As Medialens have suggested, this is reflected in an obvious media bias that favours the Red-Tory consensus outlook which can be gauged simply by comparing the tone and intensity of media attacks on both Corbyn and Livingstone against the more conciliatory and friendly approaches of those who don’t rock the metaphorical boat. Of all the preposterous apocalyptic media attacks and McCarthy-style guilt by association smears on Corbyn thus far, the piece titled Will a Corbyn victory be the end of Labour? by Rachel Sylvester in The Times on September 1, written during the build up to the Labour Party leadership election, surely takes the award for the most idiotic. Sylvester comments:

“Just as the Vikings and the Mayans brought about their own extinction by destroying the environment on which their cultures depended, so the Labour party is threatening its survival by abandoning electoral victory as a definition of success. If Labour chooses Jeremy Corbyn – a man who will never be elected prime minister – as leader next week, its end could be as brutal and sudden as those other once great tribes.”

One question arises from Sylvester’s piece. How can an attack by the mainstream media on an authentic voice of Labour values possibly be regarded as the ultimate threat to Labour values?

Sylvester’s smear was just the beginning of a widespread barrage of abuse that has come the way of the ‘outsiders’ since Corbyn’s historic election victory. The Telegraph’s November 18 edition went as far as to use the fascist language of Goebbels when referring to Corbyn’s long-standing ally. “Ken Livingstone is a hate-filled cockroach” was the headline. The latest smear from the Guardian, adding to their already long list, was their description of Corbyn as “like a good Marxist” who “is securing his revolution from within.”

Nick Cohen preposterously claimed that “Jeremy Corbyn is one of the most dishonest politicians you will see in your lifetime”, while the BBC’s political editor Laura Kuenssberg’s transparently biased interview with the labour leader was little more than a scornful attack on his stance on nuclear weapons. Her incredulous responses to his reasonable points, belies the BBC’s claim that it is impartial. Analysis by Medialens show how “mainstream media performance alternates between two distinct modes of reporting”. They point out that:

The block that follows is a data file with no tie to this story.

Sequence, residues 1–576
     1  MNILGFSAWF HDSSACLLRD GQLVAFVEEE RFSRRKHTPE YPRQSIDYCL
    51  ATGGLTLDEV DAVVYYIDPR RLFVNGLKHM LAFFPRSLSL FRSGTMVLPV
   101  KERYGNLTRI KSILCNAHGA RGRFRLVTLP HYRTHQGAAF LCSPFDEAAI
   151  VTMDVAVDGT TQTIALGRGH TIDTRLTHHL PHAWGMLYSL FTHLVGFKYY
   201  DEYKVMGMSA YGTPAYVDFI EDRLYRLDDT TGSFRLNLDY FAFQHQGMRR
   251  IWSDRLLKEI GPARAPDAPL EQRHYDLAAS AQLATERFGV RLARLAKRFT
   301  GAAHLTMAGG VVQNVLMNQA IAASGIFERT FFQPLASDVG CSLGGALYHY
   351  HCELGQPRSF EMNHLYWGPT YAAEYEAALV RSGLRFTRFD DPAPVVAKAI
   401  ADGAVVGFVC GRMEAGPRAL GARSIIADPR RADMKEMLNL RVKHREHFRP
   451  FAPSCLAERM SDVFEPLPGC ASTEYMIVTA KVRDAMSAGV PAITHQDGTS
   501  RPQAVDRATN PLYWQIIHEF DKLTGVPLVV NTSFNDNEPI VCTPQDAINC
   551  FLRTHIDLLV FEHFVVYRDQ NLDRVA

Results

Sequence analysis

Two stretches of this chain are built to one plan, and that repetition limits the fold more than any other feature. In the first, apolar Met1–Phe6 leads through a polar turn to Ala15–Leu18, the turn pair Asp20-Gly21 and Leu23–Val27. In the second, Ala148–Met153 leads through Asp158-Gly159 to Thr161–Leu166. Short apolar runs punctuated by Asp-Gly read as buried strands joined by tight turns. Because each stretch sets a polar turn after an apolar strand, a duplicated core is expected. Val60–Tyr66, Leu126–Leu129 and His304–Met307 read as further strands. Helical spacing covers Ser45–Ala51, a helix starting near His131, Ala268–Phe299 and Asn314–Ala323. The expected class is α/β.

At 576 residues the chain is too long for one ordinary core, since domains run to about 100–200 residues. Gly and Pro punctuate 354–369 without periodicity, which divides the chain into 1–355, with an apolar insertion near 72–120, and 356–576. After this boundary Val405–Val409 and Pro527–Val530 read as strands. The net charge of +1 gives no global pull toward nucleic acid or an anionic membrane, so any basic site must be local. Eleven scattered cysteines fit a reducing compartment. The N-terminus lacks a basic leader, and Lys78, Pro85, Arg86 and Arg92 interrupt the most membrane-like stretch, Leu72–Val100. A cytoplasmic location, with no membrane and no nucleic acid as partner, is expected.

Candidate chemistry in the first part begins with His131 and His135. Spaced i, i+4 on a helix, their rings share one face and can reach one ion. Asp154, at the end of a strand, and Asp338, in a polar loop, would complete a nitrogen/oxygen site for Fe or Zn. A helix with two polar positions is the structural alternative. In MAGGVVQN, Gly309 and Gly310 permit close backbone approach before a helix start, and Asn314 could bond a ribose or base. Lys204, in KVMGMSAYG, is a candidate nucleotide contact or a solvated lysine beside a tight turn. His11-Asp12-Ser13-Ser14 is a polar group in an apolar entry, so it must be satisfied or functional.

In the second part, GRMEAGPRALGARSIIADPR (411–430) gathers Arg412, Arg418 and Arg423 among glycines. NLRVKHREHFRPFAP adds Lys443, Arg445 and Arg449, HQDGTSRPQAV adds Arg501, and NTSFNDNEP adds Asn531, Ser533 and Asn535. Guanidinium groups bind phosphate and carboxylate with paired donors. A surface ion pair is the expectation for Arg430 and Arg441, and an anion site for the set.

“the first, ‘fig leaf’, mode presents a view of the world that is overwhelmingly biased in favour of the powerful interests that control, own and support the media, and of which it is a part. Within this bias, room is made for powerful nods and gestures in the direction of honesty and balance.”

An example of this mode was Kuenssberg’s token gesture during the Corbyn interview in which she used the phrase “some voters may think…” which was clearly intended to give the impression of balance as a means of offsetting her aggressive line of questioning in response to Corbyn’s reasonable commitment to the spreading of international law that preceded it. The impression given is that we live in a free and open society where genuine dissent is tolerated.

Medialens continue:

“The second, ‘full propaganda’, mode involves straight forward, no holds barred bias. This is seen in time of war, on royal occasions, on the anniversary of great military victories, and at times when leaders pass away.

On these occasions, balance and impartiality are deemed unnecessary, disrespectful, unpatriotic, irresponsible, even treacherous…Mode 2 reporting, then, sets an essentially totalitarian standard against which public and journalists alike judge media performance…The most powerful weapons in support of mode 2 performance are patriotism and shame…”

Andrew Neil’s impassioned eulogy during the opening sequence of the BBCs flagship political discussion programme, This Week broadcast on November 19 is an example of the second, “full propaganda” mode. Neil’s linking of the nuclear power state to a succession of great French thinkers was his way of showing support for Hollande’s foray into bombing its former colony. Neil’s “inaccurate nonsense in the form of nice memorable words strung together with angry sad words” was critiqued in a brilliant piece of polemical writing by Frankie Boyle.

What both Boyle’s article and the Medialen’s analysis highlight, is that parliamentary democracy in the absence of a democratic media creates the illusion of popular consent while enhancing the power of the state and the privileged interests protected by it.

The battle for media control is akin to the analogy of the fight for territorial domination between two wolves. One is an evil wolf: anger, envy, sorrow, greed, self-pity, guilt, resentment, lies, false pride, superiority and ego. The other is the good wolf: joy, peace, love, hope, serenity, humility, empathy, generosity, truth, compassion and faith.”